Eventually, we started coming back to Hanover, one at a time, to lead freshmen trips or to move into apartments before taking one final vacation. Only a few of us have been here consistently over the last few weeks – those of us with lab or office jobs to pay for rent, tuition, and new skis.

We train in small groups, rollerskiing out along Route 10 after work, or on our own, hitting up our favorite running trails before official practice dictates our routes.

Tomorrow all of this will end. Not only will we spend the day in classes, exercising our slightly musty minds – I’ll be learning about the environmental applications of GIS (Geographic Information Systems) – but at 2 o’clock, we will all assemble in Robinson Hall and do the same workout.

Just like classes, practice means tests. You can no longer fool yourself into thinking that you’re in better shape than you actually are. There are time trials and strength testing, especially in the first week. Maybe you’re right where you want to be, or maybe your teammates are leaps and bounds ahead of you – now you get to find out.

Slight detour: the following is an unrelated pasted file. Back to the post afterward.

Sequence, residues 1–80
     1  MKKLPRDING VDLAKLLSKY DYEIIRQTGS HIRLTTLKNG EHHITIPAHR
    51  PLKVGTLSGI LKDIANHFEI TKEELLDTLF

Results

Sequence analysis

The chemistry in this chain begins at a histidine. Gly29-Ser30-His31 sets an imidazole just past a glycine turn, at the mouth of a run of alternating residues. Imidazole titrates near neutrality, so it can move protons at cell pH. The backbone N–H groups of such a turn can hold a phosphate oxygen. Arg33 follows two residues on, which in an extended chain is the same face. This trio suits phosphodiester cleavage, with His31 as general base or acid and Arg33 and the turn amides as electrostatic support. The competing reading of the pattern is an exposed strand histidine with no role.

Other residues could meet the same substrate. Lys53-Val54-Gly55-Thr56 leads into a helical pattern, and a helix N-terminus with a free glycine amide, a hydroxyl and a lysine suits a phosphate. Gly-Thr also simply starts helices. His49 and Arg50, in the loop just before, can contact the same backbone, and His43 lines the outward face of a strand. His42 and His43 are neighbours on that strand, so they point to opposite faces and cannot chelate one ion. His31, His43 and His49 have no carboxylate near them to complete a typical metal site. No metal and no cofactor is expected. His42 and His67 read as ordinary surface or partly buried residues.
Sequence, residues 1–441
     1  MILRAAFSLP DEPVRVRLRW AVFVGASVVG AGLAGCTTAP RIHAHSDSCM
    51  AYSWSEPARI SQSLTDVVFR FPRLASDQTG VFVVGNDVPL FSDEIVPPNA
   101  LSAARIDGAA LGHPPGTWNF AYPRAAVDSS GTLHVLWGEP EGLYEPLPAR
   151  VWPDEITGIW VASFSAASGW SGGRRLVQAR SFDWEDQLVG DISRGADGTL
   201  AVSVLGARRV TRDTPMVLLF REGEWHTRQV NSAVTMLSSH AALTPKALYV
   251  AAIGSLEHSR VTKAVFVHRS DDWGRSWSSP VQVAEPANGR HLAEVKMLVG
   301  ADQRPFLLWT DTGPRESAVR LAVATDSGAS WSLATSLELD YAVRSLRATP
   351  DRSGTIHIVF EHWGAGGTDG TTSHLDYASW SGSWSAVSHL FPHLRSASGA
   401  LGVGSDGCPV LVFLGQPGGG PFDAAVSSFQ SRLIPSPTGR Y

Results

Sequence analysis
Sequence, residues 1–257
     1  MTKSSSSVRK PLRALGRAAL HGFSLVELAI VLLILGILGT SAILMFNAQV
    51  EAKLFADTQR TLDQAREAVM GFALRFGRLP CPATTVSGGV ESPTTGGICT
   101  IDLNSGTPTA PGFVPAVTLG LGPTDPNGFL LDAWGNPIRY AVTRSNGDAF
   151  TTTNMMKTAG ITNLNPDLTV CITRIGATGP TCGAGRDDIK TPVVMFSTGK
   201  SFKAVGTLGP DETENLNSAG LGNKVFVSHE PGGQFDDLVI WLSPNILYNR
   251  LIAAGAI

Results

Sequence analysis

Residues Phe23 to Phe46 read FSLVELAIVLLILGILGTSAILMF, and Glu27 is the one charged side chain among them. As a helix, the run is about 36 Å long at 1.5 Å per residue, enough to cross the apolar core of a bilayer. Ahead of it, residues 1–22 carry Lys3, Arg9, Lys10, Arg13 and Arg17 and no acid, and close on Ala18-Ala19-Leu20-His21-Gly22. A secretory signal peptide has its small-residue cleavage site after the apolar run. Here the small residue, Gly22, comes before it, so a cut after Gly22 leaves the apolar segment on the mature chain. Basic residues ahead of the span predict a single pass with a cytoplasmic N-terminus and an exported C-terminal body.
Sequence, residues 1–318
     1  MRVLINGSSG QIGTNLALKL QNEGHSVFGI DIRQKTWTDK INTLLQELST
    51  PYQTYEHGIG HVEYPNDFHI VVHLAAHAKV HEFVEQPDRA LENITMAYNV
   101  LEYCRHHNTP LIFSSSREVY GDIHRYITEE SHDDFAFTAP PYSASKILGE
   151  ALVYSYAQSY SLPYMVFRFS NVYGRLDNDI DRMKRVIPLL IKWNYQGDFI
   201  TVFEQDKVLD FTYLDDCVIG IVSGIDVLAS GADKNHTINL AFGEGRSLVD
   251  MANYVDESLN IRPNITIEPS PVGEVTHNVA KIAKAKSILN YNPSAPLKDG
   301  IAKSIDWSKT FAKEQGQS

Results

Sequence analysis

Before the first practice of every year I get little butterflies. I feel like I have to prove myself in these early weeks and I’m nervous for our first time trials. Sometimes I want so badly to do well that I sabotage myself. I know that for me, staying in it mentally is 90% of the race, but even knowing that doesn’t make it any easier to stay tough.

My teammate Minal Caron said, “I was nervous freshman year. But testing just is what it is, and you’ll always have excuses, so I don’t worry about it that much anymore.”

Yes, I’ll always be able to make excuses if I do poorly. Most athletes could take up side careers as professional excuse-makers. But nervousness is another degree of excited, and I’ve always thought that if you aren’t at least a little nervous, then there’s something wrong.

So I’m ready, senior year. Bring it on, butterflies and all.